specific to a particular application. Often it does not protect application
files.

If you have it done at host level the failover can be automated, while if you
have it at application level, then the DBAs themselves need to pull up the data
in case of any failure. It supports disparate hardware and many-to-one
replication can be facilitated. As cons, you can count its dependence on OS and
that, it requires additional resources at host and the replication has to be
explicitly integrated with applications. In case you plan to replicate at
storage array level, then you must know that it is unlikely to support
dissimilar hardware. Secondary copies are only usable with point-in-time copies.
It also requires integration with applications. You also need to work on fabric
extension and there is added complexity of keeping everything in sync. But
having it at storage array makes it agnostic to applications and OS. It does not
use any host resources, replicates all kinds of data and is also easier to
manage.

Despite being a little costlier as a separate appliance and additional
hardware is required, having replication in the fabric provides modern
functionalities like CDP. In this approach, no array or host resources are
required. Understandably, it is also agnostic to applications and OS. Besides it
is highly scalable.

Bacteria-based Storage Right from the Labs


If atomic storage was not enough to baffle a common man’s wit, these days we
are hearing talks of bacteria-based storage. Let’s find out where the research
has reached.

We have heard researchers talk about atomic storage. The atoms can hold 250
Terabits of data on a surface area of one square inch. Then we also know about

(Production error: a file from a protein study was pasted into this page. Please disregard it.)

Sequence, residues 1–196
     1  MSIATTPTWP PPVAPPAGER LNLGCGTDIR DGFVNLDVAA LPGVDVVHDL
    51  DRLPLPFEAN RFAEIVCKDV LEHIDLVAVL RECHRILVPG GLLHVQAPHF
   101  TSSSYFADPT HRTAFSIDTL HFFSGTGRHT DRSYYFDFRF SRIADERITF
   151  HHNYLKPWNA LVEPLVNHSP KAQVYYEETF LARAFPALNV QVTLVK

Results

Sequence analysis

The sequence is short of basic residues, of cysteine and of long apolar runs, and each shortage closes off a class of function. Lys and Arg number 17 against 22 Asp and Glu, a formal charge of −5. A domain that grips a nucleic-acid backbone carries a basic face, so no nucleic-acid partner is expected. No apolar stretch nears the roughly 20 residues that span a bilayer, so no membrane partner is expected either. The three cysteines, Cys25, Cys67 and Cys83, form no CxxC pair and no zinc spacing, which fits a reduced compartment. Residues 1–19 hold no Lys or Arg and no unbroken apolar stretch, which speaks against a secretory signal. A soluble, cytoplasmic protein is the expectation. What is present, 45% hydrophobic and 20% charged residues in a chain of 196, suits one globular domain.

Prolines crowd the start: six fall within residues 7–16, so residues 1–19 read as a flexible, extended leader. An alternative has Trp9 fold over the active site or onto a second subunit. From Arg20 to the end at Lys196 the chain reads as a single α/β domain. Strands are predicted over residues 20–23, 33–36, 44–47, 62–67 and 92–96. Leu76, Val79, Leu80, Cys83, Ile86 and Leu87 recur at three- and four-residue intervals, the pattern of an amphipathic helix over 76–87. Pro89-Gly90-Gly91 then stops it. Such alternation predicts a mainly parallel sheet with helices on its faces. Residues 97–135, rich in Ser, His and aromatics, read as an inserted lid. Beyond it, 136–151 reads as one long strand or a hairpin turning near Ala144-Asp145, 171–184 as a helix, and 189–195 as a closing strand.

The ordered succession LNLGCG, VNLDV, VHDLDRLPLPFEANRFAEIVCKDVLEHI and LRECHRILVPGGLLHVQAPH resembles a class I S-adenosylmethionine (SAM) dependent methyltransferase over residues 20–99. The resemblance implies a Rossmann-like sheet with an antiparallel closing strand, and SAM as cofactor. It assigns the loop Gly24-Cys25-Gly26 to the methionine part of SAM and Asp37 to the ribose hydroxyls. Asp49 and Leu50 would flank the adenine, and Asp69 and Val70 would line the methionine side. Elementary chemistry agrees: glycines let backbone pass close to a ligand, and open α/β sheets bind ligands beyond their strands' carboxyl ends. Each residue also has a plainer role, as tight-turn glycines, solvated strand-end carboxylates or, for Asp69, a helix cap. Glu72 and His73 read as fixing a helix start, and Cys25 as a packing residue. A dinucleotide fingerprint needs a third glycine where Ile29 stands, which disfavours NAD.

the organic thin-film structures that can have more than 20,000
write-read-rewrite cycles. But, now researchers have started talking about the
potential of bacteria to store data. Sounds interesting? It is, and it’s not
something out of science fiction.

State of research
Researchers from two prominent universities came out with results that
indicate the possibility of storing digital data in the genome of a living
organism. Not only that, the data thus stored could be retrieved after hundreds
or even thousands of years later. They believe that the potential capacity of
bacteria-based memory is enormous, as more than a billion bacteria are contained
in only a milliliter of liquid. You can assume the enormity.

To this effect a group of Pacific Northwest National Laboratory (PNNL)
researchers described an experiment some three years ago in which they stored
roughly one encoded English sentence in one bacterium. Taking the same ahead,
earlier this year, scientists at Japan’s Keio University Institute for Advanced
Biosciences reported similar results in their research. They claim that they
successfully encoded “e= mc2 1905!”-the Einstein’s theory of relativity and the
year he enunciated it-on the common soil bacteria Bacillus subtilis.

According to the scientists, one of the challenges faced in carrying out the
research was to provide a safe haven for DNA molecules, which are easily
destroyed in any open environment inhabited by people or other hazards. The
solution for the fragility of DNAs was found in a living host for the DNA. The
host tolerates the addition of artificial gene sequences and survives extreme
environmental conditions. Also, the host with the embedded information had been
able to grow and multiply.

Potential applications
Storing is not the end of the story. If you have been able to store it on a
bacterium and have not been able to retrieve it successfully and also easily
then the purpose remains un-served. By now, the retrieval of the data remains a
wet-laboratory process requiring a certain amount of time and
effort.

Most of the potential applications for DNA-based data storage relate to the
core missions of the US Department of Energy (DoE), which funded the research
carried out at PNNL. Also the technology once developed could be used for other
security-related applications such as information-hiding and data steganography
to be used in commercial products, as well as those related to State security.
Data stenganography is the hiding of data inside other data. As the DNA-based
storage has the capability to survive nuclear threats, one of the possible
applications one could think of this kind of storage is to keep copies of data
that may be destroyed in a nuclear explosion. Anyways, who wants to talk about
nuclear explosion, that’s insane!